It’s happening. As expected, dynastic politics is prevailing in campaign 2016. After a tease about as long as Hillary’s, Jeb Bush (aka Jeb!) officially announced his presidential bid last week. Ultimately, the two of them will fight it out for the White House, while the nation’s wealthiest influencers will back their ludicrously expensive gambit.
And here’s a hint: Don’t bet on Jeb not to make it through the Republican gauntlet of 12 candidates (so far). After all, the really big money’s behind him. Last December, even though out of public office since 2007, he had captured the support of 73 percent of The Wall Street Journal’s “richest CEOs.” Though some have as yet sidestepped declarations of fealty, count on one thing: The big guns will fall into line. They know that, given his family connections, Jeb is their best path to the White House and they’re not going to blow that by propping up some Republican lightweight whose father and brother weren’t president, not when Hillary, with all her connections and dynastic power, will be the opponent. That said, in the Bush-Clinton battle to come, no matter who wins, the bankers and billionaires will emerge victorious.
The issue of political blood and family lines in Washington is not new. There have been three instances in our history in which presidents have been bonded by blood. Our second president John Adams and eighth president John Quincy Adams were father and son. Theodore and Franklin Delano Roosevelt were cousins. And then, of course, there were our 41st and 43rd presidents, George H.W. and George W.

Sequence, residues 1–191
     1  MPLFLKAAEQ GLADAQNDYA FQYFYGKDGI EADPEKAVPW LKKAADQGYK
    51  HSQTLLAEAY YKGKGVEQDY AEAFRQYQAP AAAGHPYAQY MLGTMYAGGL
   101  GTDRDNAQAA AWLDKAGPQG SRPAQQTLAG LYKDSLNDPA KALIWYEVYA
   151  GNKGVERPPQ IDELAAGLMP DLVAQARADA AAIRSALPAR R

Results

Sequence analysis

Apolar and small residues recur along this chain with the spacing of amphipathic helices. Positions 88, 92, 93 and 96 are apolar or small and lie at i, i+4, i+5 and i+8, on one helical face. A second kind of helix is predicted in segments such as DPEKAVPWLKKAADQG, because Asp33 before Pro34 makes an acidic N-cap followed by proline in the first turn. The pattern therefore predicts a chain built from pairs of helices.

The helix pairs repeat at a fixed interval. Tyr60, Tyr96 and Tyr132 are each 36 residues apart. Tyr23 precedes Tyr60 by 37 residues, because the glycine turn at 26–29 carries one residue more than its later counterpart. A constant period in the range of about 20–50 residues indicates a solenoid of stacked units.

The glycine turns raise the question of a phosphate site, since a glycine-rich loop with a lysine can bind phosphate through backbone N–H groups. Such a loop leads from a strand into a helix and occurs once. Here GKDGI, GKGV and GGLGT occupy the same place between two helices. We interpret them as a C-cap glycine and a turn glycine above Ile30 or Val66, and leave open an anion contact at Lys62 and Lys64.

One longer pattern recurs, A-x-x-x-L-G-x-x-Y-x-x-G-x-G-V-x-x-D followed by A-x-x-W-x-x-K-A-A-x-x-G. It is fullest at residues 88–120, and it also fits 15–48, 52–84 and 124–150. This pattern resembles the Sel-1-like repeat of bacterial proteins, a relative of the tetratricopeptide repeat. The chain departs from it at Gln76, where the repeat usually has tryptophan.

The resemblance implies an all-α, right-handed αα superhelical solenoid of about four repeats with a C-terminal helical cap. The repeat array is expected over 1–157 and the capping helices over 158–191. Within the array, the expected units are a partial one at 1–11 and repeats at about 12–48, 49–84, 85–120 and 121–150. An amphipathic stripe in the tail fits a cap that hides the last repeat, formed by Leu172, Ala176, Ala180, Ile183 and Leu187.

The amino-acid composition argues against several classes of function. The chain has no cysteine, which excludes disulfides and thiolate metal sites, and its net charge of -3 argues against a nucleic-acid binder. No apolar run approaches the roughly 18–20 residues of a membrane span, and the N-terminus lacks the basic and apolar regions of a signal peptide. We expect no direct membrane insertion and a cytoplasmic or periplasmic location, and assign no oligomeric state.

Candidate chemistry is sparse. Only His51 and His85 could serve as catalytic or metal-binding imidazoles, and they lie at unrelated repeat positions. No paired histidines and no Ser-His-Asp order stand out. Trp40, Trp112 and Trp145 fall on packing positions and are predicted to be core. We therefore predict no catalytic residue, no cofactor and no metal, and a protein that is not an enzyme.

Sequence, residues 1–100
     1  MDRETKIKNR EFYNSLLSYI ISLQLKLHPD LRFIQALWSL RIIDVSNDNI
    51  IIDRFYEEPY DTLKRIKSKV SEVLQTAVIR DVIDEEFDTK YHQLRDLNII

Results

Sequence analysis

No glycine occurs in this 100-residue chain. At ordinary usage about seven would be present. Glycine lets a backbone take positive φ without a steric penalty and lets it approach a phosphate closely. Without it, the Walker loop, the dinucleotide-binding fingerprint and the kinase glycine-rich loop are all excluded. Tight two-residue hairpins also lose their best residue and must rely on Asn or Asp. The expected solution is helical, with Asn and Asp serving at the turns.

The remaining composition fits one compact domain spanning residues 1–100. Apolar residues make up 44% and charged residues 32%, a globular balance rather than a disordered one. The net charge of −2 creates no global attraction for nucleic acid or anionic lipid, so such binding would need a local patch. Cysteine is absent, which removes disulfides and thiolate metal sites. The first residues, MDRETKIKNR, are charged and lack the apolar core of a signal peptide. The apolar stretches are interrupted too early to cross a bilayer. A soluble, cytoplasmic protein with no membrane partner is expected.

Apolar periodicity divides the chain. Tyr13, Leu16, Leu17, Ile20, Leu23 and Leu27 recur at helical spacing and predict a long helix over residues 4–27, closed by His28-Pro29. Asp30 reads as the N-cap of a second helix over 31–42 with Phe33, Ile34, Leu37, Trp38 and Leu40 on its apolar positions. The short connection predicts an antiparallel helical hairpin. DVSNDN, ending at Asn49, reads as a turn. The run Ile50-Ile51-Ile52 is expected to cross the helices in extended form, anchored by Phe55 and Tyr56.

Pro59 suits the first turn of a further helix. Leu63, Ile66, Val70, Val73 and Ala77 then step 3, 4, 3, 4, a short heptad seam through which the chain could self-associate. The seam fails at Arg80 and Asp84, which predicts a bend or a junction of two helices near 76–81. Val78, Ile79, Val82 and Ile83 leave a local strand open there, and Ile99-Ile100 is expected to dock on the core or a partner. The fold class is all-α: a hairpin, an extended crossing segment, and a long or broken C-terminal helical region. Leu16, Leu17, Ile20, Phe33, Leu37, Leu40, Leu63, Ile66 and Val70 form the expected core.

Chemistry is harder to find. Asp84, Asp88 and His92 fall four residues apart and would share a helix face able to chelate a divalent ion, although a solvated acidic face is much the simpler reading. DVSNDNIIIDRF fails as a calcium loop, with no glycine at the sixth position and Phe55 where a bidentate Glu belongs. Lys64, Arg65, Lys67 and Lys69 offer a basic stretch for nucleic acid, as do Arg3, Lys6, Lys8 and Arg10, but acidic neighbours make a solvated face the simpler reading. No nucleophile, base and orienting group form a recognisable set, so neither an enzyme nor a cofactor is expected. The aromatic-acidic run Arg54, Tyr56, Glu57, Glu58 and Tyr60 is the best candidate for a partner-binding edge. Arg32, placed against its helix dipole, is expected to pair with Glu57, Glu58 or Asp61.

If Jeb becomes the 45th president, it will be the first time that three administrations share the same blood and “dynastic” will have a new meaning in America.
The Bush Legacy
The Bush political-financial legacy began when President Ronald Reagan chose Jeb’s father, George H.W., as his vice president. Reagan was also the first president to choose a Wall Street CEO, Donald Regan, as Treasury secretary. Then-CEO of Merrill Lynch, he happened to be a Bush family friend. And talk about family tradition: Once upon a time (in 1900, to be exact), Jeb’s great-grandfather, George Herbert Walker, founded G.W. Walker & Company. It was eventually acquired by—you guessed it!—Merrill Lynch, which was consumed by Bank of America at the height of the 2008 financial crisis.
That merger was pressed by, among others, George W. Bush’s Treasury secretary (and former Goldman Sachs chairman and CEO), Hank Paulson. It helped John Thain, Paulson’s former number two at Goldman Sachs, who was by then Merrill Lynch’s CEO, out of a tight spot. Now chairman and CEO of CIT Group, Thain is also a prominent member of the Republican Party who sponsored high-ticket fundraisers for John McCain during his 2008 campaign. Expect him to be there for Jeb. Paulson endorsed Jeb for president on April 15. That’s how these loops go.